Until now? That’s not a statement but a question to the entire industry, because while we believe there is greater momentum towards take-up and change than there has been for quite some time, it is still going to take a real collective effort in order to prove the concept’s worth and to ensure it can deliver what we would wish it to.
Estate agents, of course, are at the heart of this – indeed, large numbers of agents are already working with conveyancing firms on the provision of upfront information which ultimately leads to far quicker transaction times. But this is not happening right across the market and therefore the benefits can’t possibly be for all.
So, where are we currently? Well, the Home Buying & Selling Group have two separate streams of work. Regular readers of this column will know about the work undertaken on the BASPI (Buying & Selling Property Information form), that is still in preparation for pilot, however the second stream may deliver far quicker returns.
The Group are considering which proposals to include in a Memorandum of Understanding (MOU) outlining what actions all parties could take in order to provide and process the upfront information and to be able to get the very most efficiencies out of it.
The reason this offers greater hope is that virtually all of the proposals are already backed up by solid data as to their potential impact, and some of it might surprise you.
For example, it is suggested that the seller’s conveyancer should order the Local Search and Drainage and Water search. Most conveyancers, frankly, wouldn’t see the point. After all, the published time for the delivery of these searches is routinely under 10 days so how could that speed up the process?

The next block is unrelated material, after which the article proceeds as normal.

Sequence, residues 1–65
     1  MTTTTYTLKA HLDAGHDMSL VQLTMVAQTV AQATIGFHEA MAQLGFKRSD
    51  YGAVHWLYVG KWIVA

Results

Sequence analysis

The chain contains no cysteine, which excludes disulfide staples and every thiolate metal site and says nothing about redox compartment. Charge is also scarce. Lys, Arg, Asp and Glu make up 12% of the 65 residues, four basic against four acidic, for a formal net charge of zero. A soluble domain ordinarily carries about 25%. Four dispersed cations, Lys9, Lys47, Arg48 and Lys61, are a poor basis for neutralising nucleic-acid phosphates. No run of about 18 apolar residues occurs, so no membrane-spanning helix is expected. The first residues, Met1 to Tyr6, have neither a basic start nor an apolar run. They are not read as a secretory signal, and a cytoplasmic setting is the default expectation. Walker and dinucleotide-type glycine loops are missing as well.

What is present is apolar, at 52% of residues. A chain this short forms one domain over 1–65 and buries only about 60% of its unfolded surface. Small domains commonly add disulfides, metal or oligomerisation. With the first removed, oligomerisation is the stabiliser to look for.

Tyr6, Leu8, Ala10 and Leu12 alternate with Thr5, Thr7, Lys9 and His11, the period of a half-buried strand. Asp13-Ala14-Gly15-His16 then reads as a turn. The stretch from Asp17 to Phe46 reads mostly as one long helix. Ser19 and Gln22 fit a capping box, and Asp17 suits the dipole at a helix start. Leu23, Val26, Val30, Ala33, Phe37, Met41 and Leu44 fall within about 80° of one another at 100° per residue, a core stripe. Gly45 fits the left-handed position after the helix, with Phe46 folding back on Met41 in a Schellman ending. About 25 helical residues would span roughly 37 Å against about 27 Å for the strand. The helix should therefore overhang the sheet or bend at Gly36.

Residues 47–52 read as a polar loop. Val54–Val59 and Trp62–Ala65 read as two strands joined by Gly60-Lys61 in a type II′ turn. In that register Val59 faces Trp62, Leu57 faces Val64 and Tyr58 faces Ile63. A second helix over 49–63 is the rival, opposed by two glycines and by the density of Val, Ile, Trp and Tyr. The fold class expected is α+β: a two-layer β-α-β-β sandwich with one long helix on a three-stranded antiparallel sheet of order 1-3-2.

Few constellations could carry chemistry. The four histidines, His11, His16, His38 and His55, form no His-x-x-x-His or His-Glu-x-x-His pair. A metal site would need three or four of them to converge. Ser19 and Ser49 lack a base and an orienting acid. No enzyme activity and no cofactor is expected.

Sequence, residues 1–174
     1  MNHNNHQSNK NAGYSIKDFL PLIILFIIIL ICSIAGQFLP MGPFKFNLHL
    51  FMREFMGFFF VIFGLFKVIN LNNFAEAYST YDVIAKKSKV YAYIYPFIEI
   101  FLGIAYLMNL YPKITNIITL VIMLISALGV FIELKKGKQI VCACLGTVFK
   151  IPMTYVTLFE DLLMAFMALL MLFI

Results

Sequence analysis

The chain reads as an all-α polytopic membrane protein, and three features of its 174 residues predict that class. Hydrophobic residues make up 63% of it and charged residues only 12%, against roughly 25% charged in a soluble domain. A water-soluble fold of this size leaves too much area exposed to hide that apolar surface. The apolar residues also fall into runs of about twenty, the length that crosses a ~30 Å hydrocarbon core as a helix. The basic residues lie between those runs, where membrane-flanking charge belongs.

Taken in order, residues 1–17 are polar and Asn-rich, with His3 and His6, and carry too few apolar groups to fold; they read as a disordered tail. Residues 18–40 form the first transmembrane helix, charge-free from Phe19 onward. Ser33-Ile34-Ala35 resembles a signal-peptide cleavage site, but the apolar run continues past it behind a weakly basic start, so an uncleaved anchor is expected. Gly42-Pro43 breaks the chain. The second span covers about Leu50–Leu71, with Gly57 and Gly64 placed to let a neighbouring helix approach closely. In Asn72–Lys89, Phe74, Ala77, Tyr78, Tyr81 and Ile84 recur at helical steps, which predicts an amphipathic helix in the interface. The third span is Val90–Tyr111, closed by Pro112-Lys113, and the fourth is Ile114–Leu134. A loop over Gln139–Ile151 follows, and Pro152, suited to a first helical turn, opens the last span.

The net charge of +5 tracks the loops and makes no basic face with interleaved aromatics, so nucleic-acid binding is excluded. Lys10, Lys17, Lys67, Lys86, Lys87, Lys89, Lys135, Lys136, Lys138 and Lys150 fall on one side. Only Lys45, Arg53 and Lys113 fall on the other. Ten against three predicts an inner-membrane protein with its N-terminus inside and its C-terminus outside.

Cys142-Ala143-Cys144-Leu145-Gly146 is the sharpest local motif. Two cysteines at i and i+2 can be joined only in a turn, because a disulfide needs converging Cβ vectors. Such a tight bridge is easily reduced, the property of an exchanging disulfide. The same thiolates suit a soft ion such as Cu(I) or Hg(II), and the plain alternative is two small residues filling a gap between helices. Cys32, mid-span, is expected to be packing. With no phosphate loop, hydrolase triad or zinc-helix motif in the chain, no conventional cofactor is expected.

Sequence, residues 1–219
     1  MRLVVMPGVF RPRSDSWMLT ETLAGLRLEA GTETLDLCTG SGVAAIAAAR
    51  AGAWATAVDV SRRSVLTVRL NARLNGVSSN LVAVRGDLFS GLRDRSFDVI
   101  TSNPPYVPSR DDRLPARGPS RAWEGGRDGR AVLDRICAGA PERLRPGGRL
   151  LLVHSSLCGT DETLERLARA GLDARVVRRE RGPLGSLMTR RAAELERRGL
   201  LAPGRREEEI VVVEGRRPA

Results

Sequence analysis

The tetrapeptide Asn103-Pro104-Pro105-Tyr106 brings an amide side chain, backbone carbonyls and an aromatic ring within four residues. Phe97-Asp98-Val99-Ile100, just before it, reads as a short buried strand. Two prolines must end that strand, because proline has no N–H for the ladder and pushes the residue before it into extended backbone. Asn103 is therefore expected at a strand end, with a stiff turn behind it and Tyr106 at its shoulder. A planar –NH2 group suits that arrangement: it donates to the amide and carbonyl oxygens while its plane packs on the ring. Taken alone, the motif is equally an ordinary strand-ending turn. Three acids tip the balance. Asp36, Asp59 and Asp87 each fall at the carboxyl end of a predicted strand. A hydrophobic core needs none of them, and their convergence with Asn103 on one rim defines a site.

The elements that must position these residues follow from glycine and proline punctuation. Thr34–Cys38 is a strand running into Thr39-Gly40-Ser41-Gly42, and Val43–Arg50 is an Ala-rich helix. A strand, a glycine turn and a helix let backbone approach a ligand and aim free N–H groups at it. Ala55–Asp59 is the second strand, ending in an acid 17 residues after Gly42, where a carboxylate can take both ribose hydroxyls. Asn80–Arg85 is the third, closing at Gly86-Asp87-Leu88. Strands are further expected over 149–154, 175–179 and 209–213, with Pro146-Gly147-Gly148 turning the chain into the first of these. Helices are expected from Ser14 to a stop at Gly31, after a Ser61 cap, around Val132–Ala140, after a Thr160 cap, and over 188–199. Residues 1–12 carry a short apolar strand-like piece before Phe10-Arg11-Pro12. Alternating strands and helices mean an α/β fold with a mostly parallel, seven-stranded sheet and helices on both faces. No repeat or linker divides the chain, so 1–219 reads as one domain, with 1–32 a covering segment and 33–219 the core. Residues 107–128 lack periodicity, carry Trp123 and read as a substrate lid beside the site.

However, once you delve deeper it gets more interesting. ViewMyChain data shows that, whilst search returns might indeed be 10 days on average, the actual search order does not take place until almost seven weeks into the process.
Now, once you add in the two weeks for it to come back and then the, on average, three weeks it takes to process a post-valuation query necessitated by the information in the Local Search result, well now you could be up to 12 weeks into the process. The LPE1 is a similar story, even once paid for, the average return time, based on data from tens of thousands of transactions, is 54 days.
Even just instructing a conveyancer on average takes 28 days, unless you have a digital on-boarding system which can cut that down to around eight days.
You get my point; if you can start work on all of those processes in the period between the property going on the market and a buyer being found you can make huge efficiencies in the process.
In Northern Ireland where they signed up to a MOU in 2018/19, they cut transaction times from 20 weeks to eight. A NAEA transaction reform trial along similar lines had an average of seven weeks for a transaction and we can also look to the example of our auction market where 22,000 properties are sold every year on the drop of a hammer.